So, I'm returning the motherboard for another model. Problem solved.
That's very interesting. I think I will look up the MB manual if it is freely available. There is actually no obvious reason to turn of the PSU when the OS shuts down on a server motherboard, as the only routinely used conditions are working and disconnected, rather than shutdown with power connected. But I didn't know there were standard boards set up like this. I expect it is usual for embedded boards. The only question it leaves is whether the bios can be set to boot the OS when the board is power cycled.


Edit: As you say, the only connection to the board seems to be +12V and ground. And the adapter cable must permanently turn on the ATX PSU when the cable is connected. I think I would be perfectly happy with that for a server, once I understood what was happening: and provided it can be set to reboot when power cycled.
 

Ericloewe

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Thanks for the detailed reply. I hadn't spotted it.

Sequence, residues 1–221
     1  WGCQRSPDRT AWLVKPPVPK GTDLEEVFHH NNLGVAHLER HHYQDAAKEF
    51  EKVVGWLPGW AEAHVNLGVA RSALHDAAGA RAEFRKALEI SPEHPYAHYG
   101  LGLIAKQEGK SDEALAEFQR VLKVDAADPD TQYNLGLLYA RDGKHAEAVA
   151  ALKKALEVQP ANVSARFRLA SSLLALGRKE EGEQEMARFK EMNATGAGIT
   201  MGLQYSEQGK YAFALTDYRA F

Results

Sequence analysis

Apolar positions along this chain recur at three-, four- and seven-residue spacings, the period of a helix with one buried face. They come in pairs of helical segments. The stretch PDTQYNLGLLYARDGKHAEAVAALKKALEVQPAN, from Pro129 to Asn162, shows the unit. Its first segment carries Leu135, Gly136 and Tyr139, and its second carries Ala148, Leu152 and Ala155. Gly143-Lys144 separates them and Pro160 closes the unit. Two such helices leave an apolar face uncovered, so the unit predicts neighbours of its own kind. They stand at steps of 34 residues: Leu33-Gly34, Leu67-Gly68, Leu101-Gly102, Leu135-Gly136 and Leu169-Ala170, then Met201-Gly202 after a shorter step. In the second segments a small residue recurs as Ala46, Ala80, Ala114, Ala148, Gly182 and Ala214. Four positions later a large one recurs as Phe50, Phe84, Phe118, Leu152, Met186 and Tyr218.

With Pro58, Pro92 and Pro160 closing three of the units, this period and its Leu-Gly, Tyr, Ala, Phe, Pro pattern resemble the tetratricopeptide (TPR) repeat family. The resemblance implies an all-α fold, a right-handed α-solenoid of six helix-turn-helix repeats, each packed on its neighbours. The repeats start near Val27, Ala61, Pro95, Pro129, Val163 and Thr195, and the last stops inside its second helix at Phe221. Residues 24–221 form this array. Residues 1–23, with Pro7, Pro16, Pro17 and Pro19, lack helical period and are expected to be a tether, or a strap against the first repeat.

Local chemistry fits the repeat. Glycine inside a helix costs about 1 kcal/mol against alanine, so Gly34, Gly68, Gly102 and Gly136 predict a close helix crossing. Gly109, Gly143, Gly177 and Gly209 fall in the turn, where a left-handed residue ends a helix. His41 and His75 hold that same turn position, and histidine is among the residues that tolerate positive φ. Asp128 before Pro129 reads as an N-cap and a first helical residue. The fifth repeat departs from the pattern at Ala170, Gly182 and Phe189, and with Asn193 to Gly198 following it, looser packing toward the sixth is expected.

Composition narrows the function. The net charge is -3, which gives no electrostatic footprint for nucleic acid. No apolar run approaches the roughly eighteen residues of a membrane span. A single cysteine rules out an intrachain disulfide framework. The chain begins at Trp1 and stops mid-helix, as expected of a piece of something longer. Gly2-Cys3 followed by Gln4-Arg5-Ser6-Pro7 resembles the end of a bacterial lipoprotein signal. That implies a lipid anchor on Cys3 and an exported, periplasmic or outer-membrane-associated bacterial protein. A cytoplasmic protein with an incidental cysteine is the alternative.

In the end I was able to borrow a different PSU. That empirically ruled out the PSU being at fault. However, I can't explain why that contradicts your guess.

I now realise the AsRock Rack MT-C224 motherboard doesn't take a 24 pin PSU. It takes a proprietary 18 pin supply. The board came with a 24 to 18 pin adapter (which curiously transfers fewer than even 18 wires). My best guess is the board shutdown is broken by design due to this.

So, I'm returning the motherboard for another model. Problem solved.
That explains things. The adapter probably just shorts the PWR_ON pin to GND.

I imagine Supermicro's Avoton boards act similarly when powered by their 12V inputs, but they do take a 24-pin connector, alternatively.
 

rogerh